Down a staircase at the end of the catwalk the wedding dress of Marie Chantal Miller, Crown Princess of Greece, stands on a platform like the finale of an haute couture show.
The exhibition might have culminated here, but finally an atelier table displays the painstaking techniques Valentino’s seamstresses have mastered.
The team behind his creations undoubtedly deserves tribute, however the finale should have been a pièce de résistance that celebrates the career of visionary Valentino.
Nonetheless, Somerset House’s exhibition leaves fashion lovers dreaming of Valentino. If the show makes one thing certain, it’s that Valentino’s work is truly timeless and his talent unmatched; he is the master of couture.
It’s the home stretch! After weeks of egg nog and Christmas cookies there’s just one last round of holiday parties before NYE. Then we all can resume lazy weekends on the couch in front the warm glow of the television. But before you resolve to wearing your stretchy post-holiday sweatpants (we all have them), close out 2012 with a stylish bang in this season’s biggest trends. Have fun over the holidays in velvet, metallics, peplums, and the season’s staple, sequins.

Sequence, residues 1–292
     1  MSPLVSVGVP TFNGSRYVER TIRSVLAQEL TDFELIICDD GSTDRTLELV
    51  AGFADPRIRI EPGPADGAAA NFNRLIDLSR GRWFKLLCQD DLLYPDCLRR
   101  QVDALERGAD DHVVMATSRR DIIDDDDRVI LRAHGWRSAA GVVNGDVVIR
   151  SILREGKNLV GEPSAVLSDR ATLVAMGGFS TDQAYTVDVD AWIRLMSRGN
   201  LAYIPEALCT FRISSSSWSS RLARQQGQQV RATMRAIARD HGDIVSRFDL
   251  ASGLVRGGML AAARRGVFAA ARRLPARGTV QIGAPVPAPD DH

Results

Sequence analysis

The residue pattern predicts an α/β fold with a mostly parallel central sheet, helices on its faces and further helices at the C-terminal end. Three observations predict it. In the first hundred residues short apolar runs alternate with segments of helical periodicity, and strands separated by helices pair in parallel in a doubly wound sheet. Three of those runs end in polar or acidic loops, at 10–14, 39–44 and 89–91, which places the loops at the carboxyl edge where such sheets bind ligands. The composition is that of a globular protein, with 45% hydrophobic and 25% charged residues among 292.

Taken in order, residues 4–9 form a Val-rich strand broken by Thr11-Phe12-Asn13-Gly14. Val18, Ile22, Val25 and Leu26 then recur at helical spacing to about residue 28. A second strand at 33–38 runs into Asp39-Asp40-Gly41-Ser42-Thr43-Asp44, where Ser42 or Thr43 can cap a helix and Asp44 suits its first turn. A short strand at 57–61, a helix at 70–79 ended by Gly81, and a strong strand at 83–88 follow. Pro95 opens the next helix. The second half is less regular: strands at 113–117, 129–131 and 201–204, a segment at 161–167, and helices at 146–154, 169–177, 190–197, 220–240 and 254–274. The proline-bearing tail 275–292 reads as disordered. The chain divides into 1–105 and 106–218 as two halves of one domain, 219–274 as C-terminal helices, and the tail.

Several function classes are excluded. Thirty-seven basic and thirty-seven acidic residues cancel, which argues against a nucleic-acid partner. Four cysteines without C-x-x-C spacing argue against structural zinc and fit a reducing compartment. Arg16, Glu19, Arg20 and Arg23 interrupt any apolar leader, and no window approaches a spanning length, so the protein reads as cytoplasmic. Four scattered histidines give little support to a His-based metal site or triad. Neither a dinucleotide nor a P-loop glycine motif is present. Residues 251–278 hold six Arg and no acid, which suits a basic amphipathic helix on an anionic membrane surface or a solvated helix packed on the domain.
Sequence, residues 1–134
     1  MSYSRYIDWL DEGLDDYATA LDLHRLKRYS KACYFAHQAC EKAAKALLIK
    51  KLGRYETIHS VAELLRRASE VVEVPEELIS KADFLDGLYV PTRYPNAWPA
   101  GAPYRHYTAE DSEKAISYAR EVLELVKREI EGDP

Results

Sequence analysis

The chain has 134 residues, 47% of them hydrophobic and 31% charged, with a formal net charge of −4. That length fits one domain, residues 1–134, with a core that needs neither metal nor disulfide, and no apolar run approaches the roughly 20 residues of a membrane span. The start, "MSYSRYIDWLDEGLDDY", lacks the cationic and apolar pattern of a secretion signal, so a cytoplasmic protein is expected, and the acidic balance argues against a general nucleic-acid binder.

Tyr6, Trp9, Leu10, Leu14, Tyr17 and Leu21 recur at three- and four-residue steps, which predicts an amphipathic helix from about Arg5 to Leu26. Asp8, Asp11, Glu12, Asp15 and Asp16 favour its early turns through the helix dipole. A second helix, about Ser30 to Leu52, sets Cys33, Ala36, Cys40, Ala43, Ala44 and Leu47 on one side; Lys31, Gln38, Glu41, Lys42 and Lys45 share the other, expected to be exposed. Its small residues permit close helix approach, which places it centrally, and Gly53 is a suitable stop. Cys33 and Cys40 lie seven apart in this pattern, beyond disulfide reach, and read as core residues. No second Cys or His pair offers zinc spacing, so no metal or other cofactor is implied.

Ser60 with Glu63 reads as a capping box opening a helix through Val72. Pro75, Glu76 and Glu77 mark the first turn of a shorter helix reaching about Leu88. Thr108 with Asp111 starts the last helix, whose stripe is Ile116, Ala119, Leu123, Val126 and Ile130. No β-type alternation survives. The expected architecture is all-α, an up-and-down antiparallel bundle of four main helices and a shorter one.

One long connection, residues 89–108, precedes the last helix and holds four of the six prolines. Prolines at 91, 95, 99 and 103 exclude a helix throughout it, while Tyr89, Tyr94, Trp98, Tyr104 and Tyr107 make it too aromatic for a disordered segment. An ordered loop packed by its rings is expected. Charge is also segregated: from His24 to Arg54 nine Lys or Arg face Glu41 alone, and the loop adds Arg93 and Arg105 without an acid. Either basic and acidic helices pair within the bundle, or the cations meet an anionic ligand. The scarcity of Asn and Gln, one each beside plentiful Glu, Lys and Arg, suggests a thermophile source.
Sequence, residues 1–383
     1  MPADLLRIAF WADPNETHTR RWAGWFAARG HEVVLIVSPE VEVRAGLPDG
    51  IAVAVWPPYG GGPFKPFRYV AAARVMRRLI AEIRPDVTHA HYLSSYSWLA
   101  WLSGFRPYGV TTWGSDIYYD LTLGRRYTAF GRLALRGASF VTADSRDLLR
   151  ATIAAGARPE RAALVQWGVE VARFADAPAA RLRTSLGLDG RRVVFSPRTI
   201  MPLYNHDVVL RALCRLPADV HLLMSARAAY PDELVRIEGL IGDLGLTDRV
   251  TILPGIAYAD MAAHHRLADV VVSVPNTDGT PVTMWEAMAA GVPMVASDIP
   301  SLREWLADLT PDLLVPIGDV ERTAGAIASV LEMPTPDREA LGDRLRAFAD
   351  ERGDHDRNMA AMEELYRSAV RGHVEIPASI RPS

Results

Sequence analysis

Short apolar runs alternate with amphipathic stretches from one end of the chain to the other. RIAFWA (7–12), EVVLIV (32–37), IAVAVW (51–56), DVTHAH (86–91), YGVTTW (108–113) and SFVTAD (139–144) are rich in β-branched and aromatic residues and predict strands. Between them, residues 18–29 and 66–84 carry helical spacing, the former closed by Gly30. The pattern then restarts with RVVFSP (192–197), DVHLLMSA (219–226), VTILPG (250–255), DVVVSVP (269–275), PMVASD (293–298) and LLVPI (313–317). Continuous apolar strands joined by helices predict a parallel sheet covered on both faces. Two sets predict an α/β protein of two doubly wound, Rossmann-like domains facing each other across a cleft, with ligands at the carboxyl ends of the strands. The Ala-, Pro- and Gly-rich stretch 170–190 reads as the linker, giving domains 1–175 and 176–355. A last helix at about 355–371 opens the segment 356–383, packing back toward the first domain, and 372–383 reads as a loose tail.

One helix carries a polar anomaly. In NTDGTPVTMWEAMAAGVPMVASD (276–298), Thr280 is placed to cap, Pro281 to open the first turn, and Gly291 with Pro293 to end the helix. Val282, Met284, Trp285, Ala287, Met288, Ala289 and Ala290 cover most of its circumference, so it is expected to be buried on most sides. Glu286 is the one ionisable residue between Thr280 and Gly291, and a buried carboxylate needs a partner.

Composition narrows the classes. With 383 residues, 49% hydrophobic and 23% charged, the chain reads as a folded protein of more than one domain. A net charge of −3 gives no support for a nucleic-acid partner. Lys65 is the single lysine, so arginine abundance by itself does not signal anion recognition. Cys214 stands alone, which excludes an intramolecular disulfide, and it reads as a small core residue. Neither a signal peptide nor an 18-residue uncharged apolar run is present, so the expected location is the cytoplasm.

[Clockwise from top left]
1. Pair a peplum top with a pencil skirt or chic skinny trousers for an unexpected alternative to the tried and true party dress. Topshop, $36
2. Make a statement in short-shorts at your next shindig. These burgundy velvet shorts are perfect for the holiday party scene with your favorite tights and heels. Topshop, $64
3. Shine in a dress with a bold metallic pattern like this velvet skater dress with gold glitter stars. Topshop, $92
4. Ditch last year’s statement necklace and try a bold collar instead. ASOS, $26
5. Throw on a chic black 3/4 sleeve peplum, Oasis, $46
6. Go for the gold in this sequin mini with a scalloped hem line. Rachel Gilbert, $478
7. Black sequin shorts won’t fly in June so wear them now while you can. Karl, $75
8. Polish off your outfit with this gold sequin doily-like lace collar. Cara Accessories,$34
9. If you’re not already wearing enough gold, slip on gold heeled pumps. Kate Spade, $208